Historically, the limitations of enterprise systems, technology platforms, and available accessibility expertise have presented significant obstacles to achieving accessibility compliance. With increasing enforcement and legal action against non-compliance, public organizations and private businesses who have not addressed these issues remain vulnerable to legal action.

In addition to improving access to services, compliance with accessibility requirements alleviates this threat, prior to government enforcement or private litigation.  IT and business leaders responsible for the applications and systems that serve employees, candidates, and customers are relieved that accessibility compliance can be achieved quickly and cost effectively – with the systems they already own.

Are you responsible for accessibility at your org? Find out how InFlight can help.

The Legal Landscape for Accessibility Compliance

The last several years have seen a more aggressive approach to enforcement of non-compliance with the Americans with Disabilities Act (ADA). Although the ADA has been in place for several decades, many public and private organizations still struggle to meet the requirement that their “public accommodations” be available to those with disabilities – particularly for digital systems and applications. And yes, the ADA applies to commercial businesses in addition to public agencies.

Although individual statistics are not available for digital interfaces, it is known that in fiscal 2015, the U.S. Department of Justice (DOJ), which enforces Title III, received 6,391 accessibility complaints – representing a 40% increase over claims in the prior fiscal year.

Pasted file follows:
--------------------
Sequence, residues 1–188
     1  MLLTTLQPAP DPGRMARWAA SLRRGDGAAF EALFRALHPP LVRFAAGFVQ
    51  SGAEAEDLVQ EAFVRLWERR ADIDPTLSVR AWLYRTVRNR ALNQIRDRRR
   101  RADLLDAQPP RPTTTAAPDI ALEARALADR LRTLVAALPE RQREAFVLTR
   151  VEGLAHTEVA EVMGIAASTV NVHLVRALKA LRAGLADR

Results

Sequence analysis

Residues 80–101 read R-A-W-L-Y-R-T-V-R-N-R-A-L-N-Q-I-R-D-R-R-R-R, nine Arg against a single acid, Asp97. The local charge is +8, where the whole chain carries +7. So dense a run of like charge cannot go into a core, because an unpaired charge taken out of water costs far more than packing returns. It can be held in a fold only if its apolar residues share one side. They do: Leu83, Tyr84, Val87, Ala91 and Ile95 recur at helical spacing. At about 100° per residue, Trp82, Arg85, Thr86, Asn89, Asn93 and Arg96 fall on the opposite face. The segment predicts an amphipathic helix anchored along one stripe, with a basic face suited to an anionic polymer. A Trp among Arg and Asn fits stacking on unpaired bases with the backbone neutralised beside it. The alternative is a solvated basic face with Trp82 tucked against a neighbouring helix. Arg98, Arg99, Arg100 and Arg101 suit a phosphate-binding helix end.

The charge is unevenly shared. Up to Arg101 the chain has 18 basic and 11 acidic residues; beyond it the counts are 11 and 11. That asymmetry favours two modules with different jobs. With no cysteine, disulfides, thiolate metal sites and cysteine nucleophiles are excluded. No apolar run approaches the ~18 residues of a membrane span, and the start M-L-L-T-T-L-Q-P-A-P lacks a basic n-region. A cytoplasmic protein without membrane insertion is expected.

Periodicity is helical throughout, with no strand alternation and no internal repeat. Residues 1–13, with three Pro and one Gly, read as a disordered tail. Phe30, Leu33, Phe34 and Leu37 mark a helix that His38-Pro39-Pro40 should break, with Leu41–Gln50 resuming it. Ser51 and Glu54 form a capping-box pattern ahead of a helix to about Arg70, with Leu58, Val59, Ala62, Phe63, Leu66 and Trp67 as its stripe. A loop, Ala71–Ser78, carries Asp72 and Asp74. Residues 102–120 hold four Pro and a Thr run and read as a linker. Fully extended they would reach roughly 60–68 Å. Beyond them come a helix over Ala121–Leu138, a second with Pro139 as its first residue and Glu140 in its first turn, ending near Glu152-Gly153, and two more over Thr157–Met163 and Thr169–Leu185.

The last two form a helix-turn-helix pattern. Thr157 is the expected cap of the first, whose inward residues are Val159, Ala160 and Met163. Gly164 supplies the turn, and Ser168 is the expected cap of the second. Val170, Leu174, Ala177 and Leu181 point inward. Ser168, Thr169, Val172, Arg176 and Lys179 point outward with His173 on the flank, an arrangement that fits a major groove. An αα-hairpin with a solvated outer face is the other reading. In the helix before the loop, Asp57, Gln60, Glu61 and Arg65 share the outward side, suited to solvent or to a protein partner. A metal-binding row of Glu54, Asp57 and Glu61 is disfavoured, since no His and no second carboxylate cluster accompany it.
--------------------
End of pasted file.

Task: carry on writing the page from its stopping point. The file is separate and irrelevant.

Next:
So how is ADA to be interpreted with respect to digital interfaces? Title II of the ADA prohibits disability discrimination in services, programs and activities of an organization, while Title III prohibits disability discrimination in the full and equal enjoyment of the same. The previously mentioned WCAG standards are generally accepted as defining the types of public accommodations required on internal or external digital interfaces.

The legal risk to non-compliance in ADA is present in two forms, as organizations may be targeted for enforcement by the U.S. DOJ or face civil litigation. In the last five years, several highly public cases presented legal challenges for large organizations including H&R Block, Peapod, Seaworld, Busch Gardens, and Winn Dixie – and more recently e-commerce platform Blue Apron.

In addition to DOJ enforcement, public agencies and colleges have also been targeted repeatedly as ‘easy targets’ for civil suits as their online services habitually do not meet accessibility standards.

Legal outcomes have been mixed, with some cases rejected and others prosecuted to penalties or settlement in fees and costs, remediation, and ongoing monitoring. H&R Block and Peapod for example agreed to install expensive systems to meet and monitor accessibility compliance.  Many more rulings have been sealed. Regardless of ruling, each case presented significant costs to defend and negatively impacted their brands.

Against this backdrop of compliance, user expectations and impatience are rising with respect to providing accessible systems and applications. With the availability of social media channels, internal and external users can easily voice their frustration publicly. This puts more visibility on areas of non-compliance that may be targeted for civil actions or government enforcement.

 

Where to Start

An excellent resource to familiarize yourself with ADA digital compliance is to start with the web accessibility guidelines under W3C WAI (Web Accessibility Initiative). The ADA has also published a toolkit to assist with education on compliance.  Moreover, there are several tools that can be used to analyze websites for against WCAG requirements, including support for assistive tools used with various impairments.

The reality is that most organizations don’t possess the specialized knowledge or resources to achieve compliance, and will rely on a partner to design and implement to accessibility standards. InFlight starts most customer engagements with WCAG compliance as a core project requirement, and guides customers throughout the entire process.

For more information about designing for accessibility, check out how InFlight approaches WCAG standards or give us a call at 1-800-853-7505.